The proposal, first debated at the Scottish Parliament’s Public Petitions Committee in January 2013 – calls for the creation of a publicly available register of judicial interests – containing information on judges’ backgrounds, figures relating to personal wealth, undeclared earnings, business & family connections inside & outside of the legal profession, membership of organisations, property and land, offshore investments, hospitality, details on recusals and other information routinely lodged in registers of interest across all walks of public life in the UK and around the world.

A full debate on the proposal to require judges to declare their interests was held at the Scottish Parliament on 9 October 2014 - ending in a motion calling on the Scottish Government to create a register of judicial interests. The motion was overwhelmingly supported by MSPs from all political parties.

Of further note - all of the claims currently published by the Ministry of Justice in the #LegalServicesAreGREAT campaign - have been challenged by two successive Lord Justice Generals – the ranking top judge in Scotland -  where both Lord Presidents Lord Gill, and recently Lord Carloway - branding Scotland’s justice system as stuck in the “Victorian” era, and centuries behind the rest of the world.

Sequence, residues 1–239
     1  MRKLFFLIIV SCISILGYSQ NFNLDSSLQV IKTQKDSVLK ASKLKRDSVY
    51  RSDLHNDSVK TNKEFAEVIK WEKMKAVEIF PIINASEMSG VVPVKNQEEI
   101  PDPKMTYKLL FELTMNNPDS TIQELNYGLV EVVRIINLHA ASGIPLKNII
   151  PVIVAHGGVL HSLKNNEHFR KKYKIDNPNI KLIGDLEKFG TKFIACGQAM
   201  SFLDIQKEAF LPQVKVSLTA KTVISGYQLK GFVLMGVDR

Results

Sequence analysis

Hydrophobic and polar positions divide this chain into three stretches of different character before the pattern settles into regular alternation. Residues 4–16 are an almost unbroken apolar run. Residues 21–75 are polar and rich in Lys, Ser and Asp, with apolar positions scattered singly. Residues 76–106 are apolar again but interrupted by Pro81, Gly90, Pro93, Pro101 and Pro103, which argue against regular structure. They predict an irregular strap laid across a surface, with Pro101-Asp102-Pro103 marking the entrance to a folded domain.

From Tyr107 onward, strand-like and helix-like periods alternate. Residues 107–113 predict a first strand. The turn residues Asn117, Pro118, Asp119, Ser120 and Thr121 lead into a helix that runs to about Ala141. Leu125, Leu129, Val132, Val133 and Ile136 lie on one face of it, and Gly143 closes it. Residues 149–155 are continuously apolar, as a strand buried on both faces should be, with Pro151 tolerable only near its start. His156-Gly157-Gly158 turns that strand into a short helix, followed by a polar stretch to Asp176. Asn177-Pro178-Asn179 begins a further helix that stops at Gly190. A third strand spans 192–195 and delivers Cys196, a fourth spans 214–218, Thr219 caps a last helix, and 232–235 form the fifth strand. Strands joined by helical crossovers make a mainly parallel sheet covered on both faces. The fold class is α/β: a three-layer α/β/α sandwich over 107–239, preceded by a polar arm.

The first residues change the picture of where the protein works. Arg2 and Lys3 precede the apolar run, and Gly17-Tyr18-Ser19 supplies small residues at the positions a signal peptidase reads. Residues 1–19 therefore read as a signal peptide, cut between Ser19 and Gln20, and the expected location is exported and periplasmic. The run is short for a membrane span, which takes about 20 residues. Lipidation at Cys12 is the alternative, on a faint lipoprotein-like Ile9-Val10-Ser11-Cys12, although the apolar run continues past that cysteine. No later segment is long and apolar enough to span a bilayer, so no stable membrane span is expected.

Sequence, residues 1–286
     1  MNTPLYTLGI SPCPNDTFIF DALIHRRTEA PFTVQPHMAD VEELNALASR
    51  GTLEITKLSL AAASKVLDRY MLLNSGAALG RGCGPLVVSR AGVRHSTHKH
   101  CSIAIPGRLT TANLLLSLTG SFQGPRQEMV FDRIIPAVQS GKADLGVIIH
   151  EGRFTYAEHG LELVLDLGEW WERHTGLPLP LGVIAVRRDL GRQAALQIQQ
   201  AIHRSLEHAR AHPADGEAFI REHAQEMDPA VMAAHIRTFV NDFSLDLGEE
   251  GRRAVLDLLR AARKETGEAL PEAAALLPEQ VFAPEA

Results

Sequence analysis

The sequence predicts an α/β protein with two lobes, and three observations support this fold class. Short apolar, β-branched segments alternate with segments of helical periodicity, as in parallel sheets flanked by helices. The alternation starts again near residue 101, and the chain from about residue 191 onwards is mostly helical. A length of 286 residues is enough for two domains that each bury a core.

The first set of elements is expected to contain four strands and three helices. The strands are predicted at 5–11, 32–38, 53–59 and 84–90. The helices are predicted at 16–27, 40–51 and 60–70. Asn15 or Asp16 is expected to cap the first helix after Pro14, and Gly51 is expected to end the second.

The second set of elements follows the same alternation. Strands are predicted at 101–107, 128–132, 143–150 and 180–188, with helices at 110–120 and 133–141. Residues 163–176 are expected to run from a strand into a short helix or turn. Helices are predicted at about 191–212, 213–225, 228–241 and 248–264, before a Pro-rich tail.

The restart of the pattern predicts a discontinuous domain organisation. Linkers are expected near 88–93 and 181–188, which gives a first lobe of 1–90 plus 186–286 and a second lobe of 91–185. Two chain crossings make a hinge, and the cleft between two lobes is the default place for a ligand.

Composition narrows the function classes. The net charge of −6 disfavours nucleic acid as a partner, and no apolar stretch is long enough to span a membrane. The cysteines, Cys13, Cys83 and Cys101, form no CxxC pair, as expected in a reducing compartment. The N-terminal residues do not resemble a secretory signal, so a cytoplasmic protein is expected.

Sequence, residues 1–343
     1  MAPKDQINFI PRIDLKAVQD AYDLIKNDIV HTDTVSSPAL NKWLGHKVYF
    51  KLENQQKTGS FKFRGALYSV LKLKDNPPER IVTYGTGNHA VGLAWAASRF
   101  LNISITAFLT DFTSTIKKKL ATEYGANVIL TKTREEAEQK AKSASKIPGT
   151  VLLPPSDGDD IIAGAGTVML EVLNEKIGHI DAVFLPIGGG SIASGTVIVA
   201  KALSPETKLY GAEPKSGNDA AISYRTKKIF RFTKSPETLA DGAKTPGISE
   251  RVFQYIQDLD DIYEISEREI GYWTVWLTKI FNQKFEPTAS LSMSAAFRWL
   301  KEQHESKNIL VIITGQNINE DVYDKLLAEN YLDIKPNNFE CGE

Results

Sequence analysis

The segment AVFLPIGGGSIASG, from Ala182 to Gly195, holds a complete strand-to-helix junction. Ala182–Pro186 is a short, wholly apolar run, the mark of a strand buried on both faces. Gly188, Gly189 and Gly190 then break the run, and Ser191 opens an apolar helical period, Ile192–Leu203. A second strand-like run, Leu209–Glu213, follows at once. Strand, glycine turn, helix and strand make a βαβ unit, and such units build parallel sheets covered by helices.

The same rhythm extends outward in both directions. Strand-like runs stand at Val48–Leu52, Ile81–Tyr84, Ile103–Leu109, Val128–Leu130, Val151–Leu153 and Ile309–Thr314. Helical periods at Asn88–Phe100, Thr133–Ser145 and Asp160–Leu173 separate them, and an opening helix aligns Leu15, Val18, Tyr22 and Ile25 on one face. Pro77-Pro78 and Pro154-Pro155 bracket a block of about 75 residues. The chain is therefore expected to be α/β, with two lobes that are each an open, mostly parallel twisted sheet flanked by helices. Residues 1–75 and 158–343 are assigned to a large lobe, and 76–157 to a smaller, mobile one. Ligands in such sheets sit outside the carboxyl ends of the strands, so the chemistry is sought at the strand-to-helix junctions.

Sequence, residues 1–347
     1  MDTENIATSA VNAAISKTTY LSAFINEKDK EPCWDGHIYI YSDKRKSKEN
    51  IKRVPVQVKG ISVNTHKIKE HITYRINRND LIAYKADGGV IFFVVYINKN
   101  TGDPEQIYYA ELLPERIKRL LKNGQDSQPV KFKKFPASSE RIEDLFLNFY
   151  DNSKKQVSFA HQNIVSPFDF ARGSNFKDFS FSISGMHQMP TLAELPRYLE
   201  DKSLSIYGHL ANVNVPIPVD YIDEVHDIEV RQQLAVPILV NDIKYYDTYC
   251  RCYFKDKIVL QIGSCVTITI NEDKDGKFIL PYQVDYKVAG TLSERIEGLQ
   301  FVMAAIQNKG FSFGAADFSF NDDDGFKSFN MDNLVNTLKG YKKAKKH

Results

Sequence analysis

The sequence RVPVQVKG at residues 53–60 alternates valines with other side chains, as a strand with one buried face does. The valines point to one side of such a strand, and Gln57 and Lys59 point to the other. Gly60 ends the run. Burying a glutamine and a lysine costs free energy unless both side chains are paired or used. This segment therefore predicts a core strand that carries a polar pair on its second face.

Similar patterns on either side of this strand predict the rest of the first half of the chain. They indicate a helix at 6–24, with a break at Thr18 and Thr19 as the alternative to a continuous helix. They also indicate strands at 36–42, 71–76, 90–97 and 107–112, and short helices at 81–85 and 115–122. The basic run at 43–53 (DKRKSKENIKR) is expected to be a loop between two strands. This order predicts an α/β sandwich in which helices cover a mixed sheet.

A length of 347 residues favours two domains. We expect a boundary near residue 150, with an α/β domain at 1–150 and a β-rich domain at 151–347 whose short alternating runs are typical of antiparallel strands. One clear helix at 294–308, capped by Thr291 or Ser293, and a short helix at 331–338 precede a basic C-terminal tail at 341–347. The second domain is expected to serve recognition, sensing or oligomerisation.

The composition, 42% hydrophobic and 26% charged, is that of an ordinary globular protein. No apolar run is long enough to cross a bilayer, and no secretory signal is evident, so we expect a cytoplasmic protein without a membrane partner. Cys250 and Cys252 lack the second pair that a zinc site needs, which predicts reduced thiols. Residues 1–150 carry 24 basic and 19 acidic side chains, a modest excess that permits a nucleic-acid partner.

Further studies by the EU have ranked Scotland’s justice system as one of the slowest, and most expensive in the world – with the most highly paid judges delivering the poorest results on civil and criminal justice – reported here: Scots Legal Aid ‘a £161Million public subsidy for legal profession’ as EU report reveals judges salaries & lawyers legal aid claims come before public's access to justice

While keen to promote legal services to the world, the Ministry of Justice could not offer any further comment on the campaign or answer questions on how much public cash was allocated to the project.

The Ministry of Justice have refused to confirm claims attendees first, & business class flights & travel to the Singapore conference, hotel stays & hospitality have been paid by taxpayers.